The accident occurred at 2:40 p.m., on September 17, 2001. The Ambulance Service Medical Center located in Madisonville, Kentucky was contacted immediately and arrived at the mine at 2:58 p.m. MSHA District 10 Staff Assistant Ted Smith, was notified at 3:30 p.m., of the accident by Paul Love, safety director at Cardinal mine. Joe Gill and Lewis Compton, accident investigators from the Kentucky Department of Mines and Minerals, arrived at the mine at 3:45 p.m. MSHA Electrical Inspector Michael Moore, accompanied by MSHA Field Office Supervisor Harold Gamblin, arrived at Cardinal mine at 3:55 p.m., and issued a 103-K Order to insure the safety of any person on the No. 1 Unit until a determination was made that the unit was safe. Hopkins County Coroner John Walters was at the mine when Mary Sigers was brought to the surface and pronounced her dead. Siger's body was transported to the Kentucky Medical Examiner's office in Madisonville for an autopsy.
Curtis Haile, MSHA accident investigator, accompanied by Troy Davis, MSHA mining engineer, arrived at the mine at 4:30 p.m., conducted a pre-investigation conference, obtained copies of the victim's training records and the weekly examination report of the Eimco diesel scoop that was involved in the accident.
The on-site investigation which included preliminary interviews with the witnesses was also initiated that same night. Photographs and detailed sketches were made underground of the accident site. An inspection was performed on the Eimco diesel scoop to verify the permissibility, lighting, braking system, and panic bars were working properly. The overall length of the scoop measured 29 feet and 9 inches with a 9 foot wide bucket. With the bucket loaded in a raised position there was 9 inches of clearance between the mine roof and the coal at the forward end of the bucket (See Photo #1). There was approximately twenty two inches of clearance between the mine floor and the underside of the forward end of the bucket with five inches of clearance between the mine floor and the end of the bucket next to the operator.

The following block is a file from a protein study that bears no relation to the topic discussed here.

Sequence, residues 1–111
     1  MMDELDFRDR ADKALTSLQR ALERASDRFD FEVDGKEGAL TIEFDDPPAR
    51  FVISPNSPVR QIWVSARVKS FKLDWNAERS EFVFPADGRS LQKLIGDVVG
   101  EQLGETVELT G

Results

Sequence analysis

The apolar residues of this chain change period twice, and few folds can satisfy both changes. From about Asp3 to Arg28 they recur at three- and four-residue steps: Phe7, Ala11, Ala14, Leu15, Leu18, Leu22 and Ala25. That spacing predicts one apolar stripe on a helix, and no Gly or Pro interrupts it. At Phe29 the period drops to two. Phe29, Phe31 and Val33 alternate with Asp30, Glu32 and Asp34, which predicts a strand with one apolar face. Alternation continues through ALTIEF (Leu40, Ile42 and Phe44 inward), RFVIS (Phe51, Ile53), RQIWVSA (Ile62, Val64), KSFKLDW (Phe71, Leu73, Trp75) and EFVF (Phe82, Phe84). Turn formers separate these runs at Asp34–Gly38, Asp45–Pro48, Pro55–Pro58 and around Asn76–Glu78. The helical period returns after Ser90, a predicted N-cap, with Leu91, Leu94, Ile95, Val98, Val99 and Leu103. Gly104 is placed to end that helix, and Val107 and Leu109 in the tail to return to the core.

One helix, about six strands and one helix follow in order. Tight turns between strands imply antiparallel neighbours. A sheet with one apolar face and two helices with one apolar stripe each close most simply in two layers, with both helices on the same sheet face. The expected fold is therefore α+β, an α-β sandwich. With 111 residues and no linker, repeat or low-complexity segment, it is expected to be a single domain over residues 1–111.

The working face of the No. 4 entry was 20 feet wide and located approximately 53 feet from the inby rib of the last open crosscut. The victim's body was located approximately twelve feet inby the right hand rib of the last open crosscut near the ventilation curtain that was installed along the right side of the entry. The height of the roof in the area where the accident occurred was 60 inches. A white ventilation line curtain approximately 2 feet and 9 inches from the right hand rib was installed from the last row of roof bolts in the intersection inby to the third roof bolt outby the face next to the pile of coal Vaughn had previously placed in the entry. (See Photo #4)
On September 18, representatives from the Mine Safety and Health Administration and the Kentucky Department of Mines and Minerals heard testimony from Steve Hight, No. 1 Unit foreman, Jeff Hibbs, acting foreman over the rock crew, James Vaughn, diesel scoop operator, Nathan Orten, miner operator, John Holmes, shuttle car driver, Bryan Branson, roof-bolting machine operator, and Bryant Page, battery scoop operator.
Leland Payne, MSHA Educational Field Services Training Specialist, checked the training records of the victim in addition to the other miners who worked on the No. 1 Unit on September 17. Jim Angel, mechanical engineer with MSHA technical support division, with the assistance of Michael Moore, MSHA electrical inspector, conducted an additional inspection of the Eimco scoop on September 19.
Cardinal's Training Plan was approved by the Mine Safety and Health Administration on September 12, 1996. Mary C. Sigers (victim) was certified as an underground miner by the Commonwealth of Kentucky Department of Mines and Minerals. The scoop operator and the victim had received all their required training. Testimonies and records indicate that Sigers had approximately three years of accumulative time working as a miner helper. Her most recent 8-hours of Annual Refresher Training was conducted on April 14, 2001. On December 1, 1999, Sigers received Hazard Training in addition to New Task Training as a continuous mining machine helper from Unit Foreman Kenneth L. Lee. Lee is certified by the Kentucky Department of Mines and Minerals as a Underground Mine Foreman, Certificate No. A-295-90.